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Trout Paradise
  |  First Published: February 2011



The central highlands has really benefitted from a wet spring and a wetter than average summer.

While the polaroiding fanatics have been quite disappointed this season, the trout have been fitter and fatter than I can remember for a long time.

Overcast and rainy days have lead to some wonderfully consistent mayfly hatches on Little Pine Lagoon and Woods Lake, with Arthurs Lake regaining plenty of popularity as well.

Arthurs Lake

Arthurs has been much maligned over the past four year – firstly it was the plummeting lake level, and now with very high water we have this worrisome murky water to contend with. This doesn’t seem to be worrying the fish at all – I’ve recently caught some of the best conditioned trout here that I’ve ever seen.

These fish were feeding in small slicks close to the shore and looking for mayfly spinners – the end result of sparse, yet consistent mayfly hatches. Duns have been hatching sporadically since early December, and while we probably won’t see the hatches of legend this year, next year will be entirely different I suspect.

Soft plastic casters and troller have been doing extremely in the Morass area, and contrary to some reports, fish condition has been excellent.

Woods Lake

This wonderfully productive water lies at the end of a terribly rough road, a road responsible for more trailer and tyre damage than it should be.

It hasn’t affected the popularity of the lake so much though, as on most days there is a flotilla of boats out chasing the fat little trout here. Due to the excellent spawning conditions over the past 5 years, there are masses of fat silvery trout to about a 1kg, they eat well, fight hard and take flies and lures with gusto.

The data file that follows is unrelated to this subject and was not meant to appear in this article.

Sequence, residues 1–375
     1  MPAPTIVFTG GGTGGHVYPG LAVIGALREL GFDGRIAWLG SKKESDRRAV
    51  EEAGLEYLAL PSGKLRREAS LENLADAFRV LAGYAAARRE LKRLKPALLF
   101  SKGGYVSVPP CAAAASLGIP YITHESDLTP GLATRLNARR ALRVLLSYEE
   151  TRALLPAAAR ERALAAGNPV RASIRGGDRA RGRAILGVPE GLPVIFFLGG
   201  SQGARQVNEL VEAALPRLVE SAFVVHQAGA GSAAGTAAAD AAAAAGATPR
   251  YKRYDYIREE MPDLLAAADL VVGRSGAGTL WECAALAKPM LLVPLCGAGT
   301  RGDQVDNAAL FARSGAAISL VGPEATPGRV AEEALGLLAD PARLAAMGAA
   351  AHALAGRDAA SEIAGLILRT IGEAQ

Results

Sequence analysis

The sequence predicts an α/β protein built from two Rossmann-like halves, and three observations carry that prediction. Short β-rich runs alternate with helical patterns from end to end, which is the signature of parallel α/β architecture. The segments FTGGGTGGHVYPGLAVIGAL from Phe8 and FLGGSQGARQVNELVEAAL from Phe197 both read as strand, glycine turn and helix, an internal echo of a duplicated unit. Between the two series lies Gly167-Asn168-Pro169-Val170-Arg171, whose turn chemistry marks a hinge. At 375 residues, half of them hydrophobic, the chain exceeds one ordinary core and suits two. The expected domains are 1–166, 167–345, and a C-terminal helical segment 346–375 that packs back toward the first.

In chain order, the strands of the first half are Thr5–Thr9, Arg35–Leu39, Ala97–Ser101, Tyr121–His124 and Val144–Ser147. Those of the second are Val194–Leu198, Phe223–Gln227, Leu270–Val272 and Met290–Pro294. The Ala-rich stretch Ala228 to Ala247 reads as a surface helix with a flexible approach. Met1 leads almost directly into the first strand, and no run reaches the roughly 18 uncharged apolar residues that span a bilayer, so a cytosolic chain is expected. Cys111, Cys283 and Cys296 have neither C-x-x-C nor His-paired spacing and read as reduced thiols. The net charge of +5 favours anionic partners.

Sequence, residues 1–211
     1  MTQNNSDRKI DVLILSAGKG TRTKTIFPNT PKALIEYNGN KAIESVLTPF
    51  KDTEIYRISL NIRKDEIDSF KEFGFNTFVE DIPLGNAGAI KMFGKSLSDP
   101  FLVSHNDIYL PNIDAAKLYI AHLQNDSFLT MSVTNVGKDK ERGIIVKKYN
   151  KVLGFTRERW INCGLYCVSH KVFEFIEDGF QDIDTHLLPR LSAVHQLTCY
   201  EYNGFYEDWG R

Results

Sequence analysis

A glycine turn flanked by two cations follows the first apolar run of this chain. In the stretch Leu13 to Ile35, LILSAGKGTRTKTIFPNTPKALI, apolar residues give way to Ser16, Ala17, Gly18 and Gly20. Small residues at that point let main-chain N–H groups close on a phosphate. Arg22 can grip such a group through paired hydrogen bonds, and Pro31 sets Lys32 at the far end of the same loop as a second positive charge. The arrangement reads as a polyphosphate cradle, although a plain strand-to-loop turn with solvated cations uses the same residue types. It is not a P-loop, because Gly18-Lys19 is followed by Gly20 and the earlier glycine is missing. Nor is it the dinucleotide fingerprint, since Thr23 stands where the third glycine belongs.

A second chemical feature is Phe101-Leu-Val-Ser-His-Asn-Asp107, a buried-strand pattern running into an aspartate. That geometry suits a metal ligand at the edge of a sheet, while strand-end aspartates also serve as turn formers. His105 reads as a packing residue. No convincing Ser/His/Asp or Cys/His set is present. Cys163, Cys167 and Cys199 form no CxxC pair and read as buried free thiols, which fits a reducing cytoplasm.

The mayfly hatches here are sensational on cloudy days, and the following sunny days are yielding excellent spinner falls, as well as sprinklings of gum beetles.

The water does get warm here after consecutive hot days, but it won’t worry the fish too much.

Great Lake

When the right day presents itself, (bright, sunny and warm north winds), there have been masses of anglers on the lake. On one day in January I counted 25 cars and trailers at the Boundary Bay ramp! The fishing had been patchy in January, due in no doubt to cooler water and a lack of food on the surface. Fly fishers who managed to find patches of active trout were well rewarded, but miss the food and it will end up being a hard day’s fishing.

February usually sees the weather settle and the number of blue sky days on offer should increase. I like to get on the lake early and search some of the likely shores before the north wind gets up and creates the perfect polaroiding conditions. Many of the points and slicks are prime spots to look early in the day, and then the foam lines that come off these areas when it gets windy will be where the majority of fish will congregate looking for wind-blown food.

The trout in Arthurs Lake are in great condition this year – better than for some time.

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